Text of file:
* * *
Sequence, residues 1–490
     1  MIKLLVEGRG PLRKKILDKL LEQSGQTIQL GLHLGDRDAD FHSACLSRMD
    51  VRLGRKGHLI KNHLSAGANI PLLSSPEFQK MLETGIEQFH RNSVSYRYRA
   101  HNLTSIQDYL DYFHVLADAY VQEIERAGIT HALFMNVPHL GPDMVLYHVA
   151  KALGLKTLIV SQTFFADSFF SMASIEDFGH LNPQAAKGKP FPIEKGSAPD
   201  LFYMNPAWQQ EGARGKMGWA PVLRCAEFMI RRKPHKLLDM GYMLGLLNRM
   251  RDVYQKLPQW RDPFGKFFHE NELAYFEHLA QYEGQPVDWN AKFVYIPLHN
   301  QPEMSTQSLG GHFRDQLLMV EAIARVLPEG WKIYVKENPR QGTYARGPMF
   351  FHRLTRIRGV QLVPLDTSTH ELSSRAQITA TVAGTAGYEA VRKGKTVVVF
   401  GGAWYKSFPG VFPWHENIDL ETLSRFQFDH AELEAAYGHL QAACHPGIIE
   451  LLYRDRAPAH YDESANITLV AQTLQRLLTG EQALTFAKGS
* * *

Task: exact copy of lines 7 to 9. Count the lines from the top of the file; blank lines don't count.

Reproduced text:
   251  RDVYQKLPQW RDPFGKFFHE NELAYFEHLA QYEGQPVDWN AKFVYIPLHN
   301  QPEMSTQSLG GHFRDQLLMV EAIARVLPEG WKIYVKENPR QGTYARGPMF
   351  FHRLTRIRGV QLVPLDTSTH ELSSRAQITA TVAGTAGYEA VRKGKTVVVF